This is an extreme case of “too late”—they knew for years that their technology was increasingly out of date and they were moving, just not as fast as their technology rusted away beneath them.
Back in 2015, the number of mobile-only users exceeded desktop-only users in the US for the first time, so it’s not surprising to hear that “mobile-first” as a web and application development strategy has become mainstream. With mobile-first, the smallest screen is catered for first, with larger screens and desktops receiving an upgraded version of that small screen experience.
But if you look at the majority of mainstream enterprises, many have moved too late to adopt the mobile-first mindset. Many websites simply load as-is onto a phone, giving tiny text and a “pinch and zoom” user experience. Some organizations have a separate mobile version, which may or may not work adequately, and in some cases the mobile version may be light years ahead of the (now old and outdated) desktop version!
Many organizations have simply reacted too late to the mobile trend and are playing catch-up today.
Sometimes, you pick the correct technology for all the correct reasons at the correct time – but it becomes wrong because of uncontrollable external forces.
For example, Smalltalk was the first system to really do object-oriented programming in a serious way in the early 1990s, but languages like C++ and Java ended up dominating the language landscape.
As another example, Google Wave was radical new interaction paradigm, allowing people to communicate both in real time and in persistent conversations and included integration to maps, web sites, and so on. Thoughtworks was an early participant in the Wave ecosystem, building a Wave connector for Mingle, our Agile project management tool. Google eventually shuttered Wave due to a lack of traction in the marketplace, leaving early adopters to migrate back to traditional email. Despite Wave’s failure, it may have been a beacon for others—currently Slack is the darling of the “social enterprise” movement, and another technology to evaluate for an inflection point.
Often the best technology doesn’t win in the market place. Thus, expertise in choosing technology is only part of the decision process. You must also understand market forces to ensure the horse you’ve chosen can make it to the finish line.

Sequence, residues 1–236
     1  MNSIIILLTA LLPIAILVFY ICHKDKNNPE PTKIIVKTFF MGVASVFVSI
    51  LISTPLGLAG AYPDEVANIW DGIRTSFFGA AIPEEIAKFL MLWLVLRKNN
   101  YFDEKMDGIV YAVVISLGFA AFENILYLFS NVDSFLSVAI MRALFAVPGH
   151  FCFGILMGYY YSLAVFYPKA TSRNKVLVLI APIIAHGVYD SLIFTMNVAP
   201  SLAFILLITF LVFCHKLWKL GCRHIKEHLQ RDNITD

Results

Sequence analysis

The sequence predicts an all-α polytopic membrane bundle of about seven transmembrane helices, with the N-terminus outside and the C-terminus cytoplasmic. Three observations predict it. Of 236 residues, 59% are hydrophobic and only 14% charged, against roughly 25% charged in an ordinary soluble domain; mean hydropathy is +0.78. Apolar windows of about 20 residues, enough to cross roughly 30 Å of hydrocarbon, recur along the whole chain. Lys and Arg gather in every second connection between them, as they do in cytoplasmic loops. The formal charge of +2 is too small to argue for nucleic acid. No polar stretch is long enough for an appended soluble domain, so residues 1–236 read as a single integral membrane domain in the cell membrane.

Inflection points vary by company, market, technology choices, and a wide variety of other factors. For example, investigating advanced concurrency libraries is strategic for a company that does high-volume commodities trading. But it is a distraction for big-data centric insurance companies. How do you identify the inflection points important to your company?
Your inflection point analysis should provide a framework for making decisions about technology direction in general and specific decisions related to products, architectures, or projects. Ultimately, your goal is to determine: are they fads (so not necessary to chase) or trends (which will gain traction and so should be incorporated)? This decision-making framework includes the following: a technical maturity assessment, using a tool like the Technology Radar; a market maturity, using a Technology Adoption Model; and an internal assessment of your organization’s goals and initiatives (the preferred adoption model is probably Geoffrey Moore’s revised model described in Crossing the Chasm).
Returning to our earlier example, on a technology radar Smalltalk might have earned an “adopt” from a technical perspective. However, from an Adoption Curve perspective Smalltalk hovered over the chasm between Early Adopters and Early Majority. One reason Geoffrey Moore calls this space the Chasm is that many companies (and technologies) fall in, and never get out. Such was the case with Smalltalk.
Decisions about what to do at inflection points depend on an organization’s unique goals and initiatives in its market. For instance, you might have several technology experiments going on that are approaching a decision point about incorporating them into a large software development initiative. Incorporating both a technology initiative and a market maturity perspective into that decision process will help. You might even develop guidelines that will focus the team’s decision. For instance, one could be to say that for new digital business initiatives, your company prefers technologies that have reached at least the Trial or Adopt stages on our technology radar and the early majority stage on the technology adoption curve.
Once you’ve identified your inflection points, you can manage them more effectively with the following strategies:
Be Proactive and Intentional
Constantly reacting to what’s on fire this week is a recipe for poor IT performance. We suggest having a clear roadmap and strategy in place for each of your systems and technologies, clearly articulating the state of that asset and its anticipated life cycle. The roadmap should include your full systems estate—legacy, modern and experimental—and articulate whether you’re continuing to invest in that old system, just keeping the lights on, or actively trying to retire it.
As an additional note, the “we can’t buy Wang hard drives any more” problem has been significantly reduced by virtualization, only to be replaced with the “what happens when Bob retires?” problem. All three authors have met clients where the primary risk to the business was key employees retiring, and in many cases those employees did retire only to be re-hired on an expensive hourly basis! A better solution would be to incorporate better training and onboarding of new employees as part of the business plan.